Was the hype too much to swallow for these sympathetic guys from poland?
Seriously, when did this whole custom-guitar-craze start? Can we blame Misha? Probably. Anyhow – I, too, felt the need to own a prestigious custom-ordered guitar in 2012.
Around that time the Skervesen-hype was already in full-motion over at sevenstring.org and I really liked their take on the Blackmachine-design with the claw-like headstock on their then-newest (and probably most successful) model, the “Raptor”.
Although I already was in contact with RAN and two luthiers from Germany at that time I hit up Maciek, the sympathetic guy over at the polish company who works out all the quotes and takes care of public relations. He quoted me a price of 1,800 € and a build-time of only 8 weeks. I literally placed my deposit the next day and it really only took 8 weeks for the Raptor to arrive at my doorstep. I also received various update-pictures throughout the build-process – a neat habit Skervesen seemingly broke since then.
So did the Raptor live up to its hype? Let’s see.
- Ash-Body with a burl-poplar-top
- 5-piece Rosewood-ebony-neck
- 27″ Baritone-scale
- Ebony-fretboard and luminlay-dots
- BKP Aftermaths w/ Camo-covers
I received the Raptor with the memorable serial-no. “007” in a standard Rockcase (I believe they use Hiscox nowadays), in which the guitar barely fit – a baritone-Skervesen is a loooong instrument.
After opening the box, I was astonished. The Raptor had a very primal, yet classic look to it. And dat neck! Really, words don’t do it justice. The classic Skervesen wood-combination of Rosewood and ebony looks phenomenal.
So does the matte-finished burl-poplar-topped two-piece ash-body. I’m a sucker for details and so I especially liked the switch they used on my Raptor. It’s a kinda bulky 3-way-toggle and that bulkiness is exactly what makes it awesome on such a brutal-looking guitar. It’s like a gear-shift for a (tiny) tank!
Another awesome detail is the built-in string-dampener, which sits directly behind the nut. It’s definitely a more practical and more stealthy alternative to a GruvGear-Strap or – dare I say it? – a hairband.
The factory setup was perfect with an awesome low string-action, I actually had to get used to. The frets were rounded off very well and evenly and there was literally no fret-buzz going on.
Judging from pictures, the Raptor looked like a very light guitar to me. It wasn’t and I was honestly surprised by that. The guitar weighs a bit more than my Ibanez RGD2127Z, but it’s still comfortable. Despite the long neck the Raptor is a perfectly balanced instrument.
The beautiful neck is a bit chunkier than your regular slim-jim Ibanez neck and has a pronounced D-shaped profile. It feels comfortable, but I’d prefer it to be a bit rounder on the “shoulders”. Skervesen uses a very durable matte-finish that feels very dry, smooth and fast. The ebony-fretboard is beautiful with a few lighter, kinda cloudy streaks in it.
The hipshot-bridge – or better: The saddle of the B-string – on this particular guitar might have been a “lemon”. It has a slightly sharper edge than I’m accustomed to. I filed it down slighly and haven’t had a problem with it since. The open-gear locking-tuners of the same manufacturer are perfect though. I even prefer it to Schaller Locking-Tuners.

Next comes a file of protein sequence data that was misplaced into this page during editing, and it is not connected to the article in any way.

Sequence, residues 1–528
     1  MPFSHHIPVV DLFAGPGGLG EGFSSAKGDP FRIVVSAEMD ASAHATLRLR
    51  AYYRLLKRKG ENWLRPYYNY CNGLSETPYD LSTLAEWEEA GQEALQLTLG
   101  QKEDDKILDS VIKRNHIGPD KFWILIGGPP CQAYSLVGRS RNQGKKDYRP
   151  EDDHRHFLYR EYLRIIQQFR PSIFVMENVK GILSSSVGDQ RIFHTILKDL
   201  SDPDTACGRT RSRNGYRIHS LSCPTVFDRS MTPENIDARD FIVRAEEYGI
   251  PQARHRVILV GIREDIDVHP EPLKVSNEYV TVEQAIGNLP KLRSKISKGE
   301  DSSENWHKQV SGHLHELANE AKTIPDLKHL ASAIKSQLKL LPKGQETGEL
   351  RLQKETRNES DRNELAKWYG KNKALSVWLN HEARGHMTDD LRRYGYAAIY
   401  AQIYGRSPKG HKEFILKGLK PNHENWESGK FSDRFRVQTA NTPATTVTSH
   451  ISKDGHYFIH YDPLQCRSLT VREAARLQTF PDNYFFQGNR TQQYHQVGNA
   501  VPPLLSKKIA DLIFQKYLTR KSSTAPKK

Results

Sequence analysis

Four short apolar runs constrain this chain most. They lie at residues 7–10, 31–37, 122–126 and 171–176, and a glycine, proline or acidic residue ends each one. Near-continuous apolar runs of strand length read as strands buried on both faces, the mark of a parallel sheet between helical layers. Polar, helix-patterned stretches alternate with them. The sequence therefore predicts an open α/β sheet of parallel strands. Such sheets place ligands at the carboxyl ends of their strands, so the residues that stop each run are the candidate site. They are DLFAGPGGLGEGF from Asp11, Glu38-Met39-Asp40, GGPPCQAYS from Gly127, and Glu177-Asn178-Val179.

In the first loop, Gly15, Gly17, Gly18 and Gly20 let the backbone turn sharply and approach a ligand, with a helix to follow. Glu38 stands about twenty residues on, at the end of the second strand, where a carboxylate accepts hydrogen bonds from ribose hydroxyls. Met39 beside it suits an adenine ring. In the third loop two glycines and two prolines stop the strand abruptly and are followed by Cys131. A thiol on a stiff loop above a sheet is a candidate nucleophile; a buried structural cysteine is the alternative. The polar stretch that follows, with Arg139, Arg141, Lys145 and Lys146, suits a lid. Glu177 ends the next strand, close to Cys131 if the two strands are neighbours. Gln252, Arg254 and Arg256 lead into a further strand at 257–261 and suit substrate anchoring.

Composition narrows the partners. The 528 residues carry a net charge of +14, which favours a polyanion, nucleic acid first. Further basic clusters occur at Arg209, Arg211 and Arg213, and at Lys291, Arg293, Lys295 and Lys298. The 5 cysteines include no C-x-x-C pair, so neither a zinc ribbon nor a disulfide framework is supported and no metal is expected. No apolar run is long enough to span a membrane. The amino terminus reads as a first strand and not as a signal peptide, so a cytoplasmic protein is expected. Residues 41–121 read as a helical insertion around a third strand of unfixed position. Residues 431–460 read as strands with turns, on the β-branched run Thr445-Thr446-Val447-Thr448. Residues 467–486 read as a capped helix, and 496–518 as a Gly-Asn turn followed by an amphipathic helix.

Unplugged the guitar sounds very percussive and extremely loud. Apparently that’s kind of a trademark for Skervesens. It also has a very pronounced midrange (especially in the higher registers). Combine that with the also very midrangey Bareknuckle Aftermaths and you’re going to have a bad time.
It sounds so different to all my other guitars that I had to rework every preset I used on my Axe-FX Standard beforehand. I talked to Maciek about that and he offered me replacements free of charge. That’s what I call customer service! I still ended up keeping the Bareknuckles, but they really had to grow on me. I’m still not a fan of them.
I ended up selling the guitar after 1 1/2 years of playing it under varying scenarios. I used it with my Axe-FX, after that with my Kemper and through a good ol’ 5150. Once I got used to its distinct sound, I thought of it as a reliable and – above all – beautiful guitar. I still had my problems with its sound, though.
Apart from that, I experienced a problem with the build-quality. The wood laminates in the neck kinda “grew apart”. The narrow ebony-stripes shrank, leaving a tiny “step” on the back of the neck. It didn’t really warp and it still sounded and played great. Those little humps were irritating, though. I talked to Maciek again and he offered to repair it free of charge again. He also suggested that I try to sand it down myself, to spare me the trouble of shipping it to Poland. I tried that first – and with a bit of elbow-grease, I was able to bring it back to its “former glory”.
During the time I owned the Raptor, Skervesen had to deal with a few customers who reported similar flaws on their guitars, insufficient quality control and a delayed completion of their orders. A few even complained about not getting regular build-updates, but come on … you never paid for that, did you? Every single problem (I know of) was dealt with, though. They either repaired the guitar for free or offered a discount.
In my opinion they were “overrun” by the hype and sadly couldn’t keep up. That’s a shame, because while I was in touch with them, they were always very nice, sympathetic and extremely helpful. I’d be pretty interested in trying one of the current builds – maybe we can get hold of one in the following months. 😉